FAQ: What is hypertension and how does it relate to diabetes? Get the answers from a diabetes educator here.
Two thirds of people with diabetes report having hypertension or are taking medication to manage their blood pressure vs approximately half of those without diabetes – that is a total of 108 million people! High blood pressure can lead to stroke, cardiovascular disease and kidney failure – so it is not something to be ignored!
What is blood pressure?
It is the pressure against the walls of your arteries. When your heart pumps to send blood through your body, it creates pressure against the walls of the vessels. That is the higher number. When the heart takes a quick break between beats, it is in the “relaxation phase” and that is the lower number.
What is hypertension?
Hypertension is high blood pressure.
There is some discussion about what is the critical number for high blood pressure. But everyone agrees, the blood pressure should NOT be higher than 140/90 mm Hg. Depending on your health, your provider may want your blood pressure to be less than 130/80 mm Hg.
As people age, the walls of the arteries can become stiffer, contributing to the risk of developing high blood pressure.
Is high blood pressure harmful?
YES! High blood pressure is often called the silent killer because it can occur without any signs or symptoms.
It can lead to mild memory loss and contribute to dementia and stroke by decreasing blood flow to the brain and increasing the risk of blood clots
It can cause many problems for the heart: irregular heartbeats (arrhythmia); enlarged left heart (more pressure needed to delivery oxygen to the body) and eventually heart failure (due to the overworked heart)
Kidney damage can occur due to damaged blood vessels unable to filter waste products
There is increased risk to the retina of the eye – the light sensitive area of the eye, causing blurry vision and reduced sight
What are the signs and symptoms of high blood pressure?
There may be no signs or symptoms. But, some of the most common signs and symptoms of high blood pressure are:
Fatigue and confusion
What can we do to prevent or treat high blood pressure (also known as hypertension)?
Eat healthfully (we hear that a lot!) That means eating a variety of fruits and vegetables every day. Think about a fruit or vegetable with every meal. You can also sneak them in for snacks when you are hungry between meals. Include whole grains and low fat dairy products in your food plan.
Maintain a healthy weight range by eating healthfully, watching portion sizes and being active every day.
Reduce dietary sodium - For about 30% of people with high blood pressure, reducing the amount of salt in the diet may also be helpful. So less processed foods (pickles, sauces, boxed dinners) and removing the salt shaker from the table. Instead use spices and pepper to add flavor.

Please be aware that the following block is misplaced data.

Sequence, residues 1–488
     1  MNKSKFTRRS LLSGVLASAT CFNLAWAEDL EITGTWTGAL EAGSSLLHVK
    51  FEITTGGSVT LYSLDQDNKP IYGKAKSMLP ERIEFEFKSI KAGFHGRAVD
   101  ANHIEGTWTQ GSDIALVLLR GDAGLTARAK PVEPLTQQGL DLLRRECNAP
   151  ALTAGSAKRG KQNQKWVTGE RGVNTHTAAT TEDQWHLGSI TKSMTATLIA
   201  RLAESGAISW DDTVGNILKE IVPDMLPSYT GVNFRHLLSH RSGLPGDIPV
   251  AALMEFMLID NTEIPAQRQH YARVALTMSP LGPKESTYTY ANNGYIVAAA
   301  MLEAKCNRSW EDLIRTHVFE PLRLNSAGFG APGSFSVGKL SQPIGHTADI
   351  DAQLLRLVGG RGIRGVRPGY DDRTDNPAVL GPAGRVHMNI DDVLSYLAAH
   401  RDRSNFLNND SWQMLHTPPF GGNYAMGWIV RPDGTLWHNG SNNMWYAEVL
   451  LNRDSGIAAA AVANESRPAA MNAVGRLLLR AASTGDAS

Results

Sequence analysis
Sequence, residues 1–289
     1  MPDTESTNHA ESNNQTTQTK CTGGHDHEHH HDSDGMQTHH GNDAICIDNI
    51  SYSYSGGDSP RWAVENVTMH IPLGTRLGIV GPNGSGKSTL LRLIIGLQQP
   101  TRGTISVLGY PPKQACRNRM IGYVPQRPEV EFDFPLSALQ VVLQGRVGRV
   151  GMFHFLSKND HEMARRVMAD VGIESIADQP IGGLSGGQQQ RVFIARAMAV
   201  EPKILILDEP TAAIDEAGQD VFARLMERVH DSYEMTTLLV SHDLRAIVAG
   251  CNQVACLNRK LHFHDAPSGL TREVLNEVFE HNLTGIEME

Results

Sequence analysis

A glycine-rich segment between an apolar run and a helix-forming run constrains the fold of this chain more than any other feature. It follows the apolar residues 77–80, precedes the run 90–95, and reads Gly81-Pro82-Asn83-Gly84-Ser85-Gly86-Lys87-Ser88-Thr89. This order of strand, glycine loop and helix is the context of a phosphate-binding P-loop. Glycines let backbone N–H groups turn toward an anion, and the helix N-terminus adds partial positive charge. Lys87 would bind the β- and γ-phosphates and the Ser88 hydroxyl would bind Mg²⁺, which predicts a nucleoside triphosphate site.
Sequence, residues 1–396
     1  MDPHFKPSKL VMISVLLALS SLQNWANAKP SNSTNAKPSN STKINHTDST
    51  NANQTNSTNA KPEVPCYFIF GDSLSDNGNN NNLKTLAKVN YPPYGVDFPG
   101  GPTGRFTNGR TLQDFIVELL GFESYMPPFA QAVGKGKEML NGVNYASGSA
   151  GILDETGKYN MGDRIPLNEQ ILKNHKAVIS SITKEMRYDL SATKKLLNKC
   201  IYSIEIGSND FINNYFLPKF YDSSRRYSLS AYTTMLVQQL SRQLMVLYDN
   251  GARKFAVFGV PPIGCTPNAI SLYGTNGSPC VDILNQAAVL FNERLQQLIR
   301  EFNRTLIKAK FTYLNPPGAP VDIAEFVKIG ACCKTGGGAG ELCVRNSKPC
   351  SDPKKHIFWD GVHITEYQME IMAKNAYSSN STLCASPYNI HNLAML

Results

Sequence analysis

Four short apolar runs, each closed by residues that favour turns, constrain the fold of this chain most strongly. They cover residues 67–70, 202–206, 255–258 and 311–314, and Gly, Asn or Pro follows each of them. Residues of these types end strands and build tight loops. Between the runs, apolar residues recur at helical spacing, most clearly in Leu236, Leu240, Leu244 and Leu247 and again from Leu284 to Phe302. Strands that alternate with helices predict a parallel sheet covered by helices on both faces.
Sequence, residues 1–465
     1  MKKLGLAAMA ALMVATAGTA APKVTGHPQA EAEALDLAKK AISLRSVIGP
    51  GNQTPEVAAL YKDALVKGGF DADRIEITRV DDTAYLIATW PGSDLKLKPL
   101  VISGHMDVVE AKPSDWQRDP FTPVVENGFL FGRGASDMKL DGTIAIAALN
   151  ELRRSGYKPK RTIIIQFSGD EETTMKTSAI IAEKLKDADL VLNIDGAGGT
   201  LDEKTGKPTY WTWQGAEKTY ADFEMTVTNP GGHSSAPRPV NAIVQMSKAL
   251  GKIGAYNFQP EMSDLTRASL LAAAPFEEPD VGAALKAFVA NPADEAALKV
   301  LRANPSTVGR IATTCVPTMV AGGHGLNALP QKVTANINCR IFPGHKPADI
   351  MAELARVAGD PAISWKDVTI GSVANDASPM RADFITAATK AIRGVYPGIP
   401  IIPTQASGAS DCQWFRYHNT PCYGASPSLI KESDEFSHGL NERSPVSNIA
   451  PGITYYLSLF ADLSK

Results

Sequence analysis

Drink alcohol in moderation – no more than 1 alcoholic beverage for women and no more than 2 for men (there are some clinicians who think this should also be no more than 1 for men).
Exercise regularly (we hear that a lot, too!). That could be taking a walk with your dog, a ride on your bike, some laps in the pool at the local fitness center, or being more adventurous with soccer, basketball or a hockey game (you are playing NOT just watching).
Do not smoke – if you do – QUIT!
Reduce stress – this may be the hardest challenge of all. Relaxation exercises, getting adequate sleep, even changing jobs may be ways to reduce your stress.
Take your blood pressure medication faithfully – that is every day! There are a variety of blood pressure medications that can help you maintain a healthy target. Common examples are:
beta blockers which help your heart to beat more slowly and with less force
ACE inhibitors [angiotensin-converting enzyme] and ARBS [angiotensin receptor blockers] both of which help to relax your veins and arteries to lower your blood pressure.
You and your provider can determine which one is right for you.
Have your blood pressure measured at every office visit
You may be able to blame high blood pressure on your parents and grandparents (it can be hereditary) but the most important thing is managing it. Talk with your health care provider if you have concerns about your blood pressure. You can check it at home with an inexpensive monitor. It will vary during the time of day and after activity – but if it trends higher than your recommended level – make sure you follow the suggestions listed above to keep a healthy number and talk with your health care provider!
Learn more about hypertension from the American Heart Association's Watch, Learn and Live.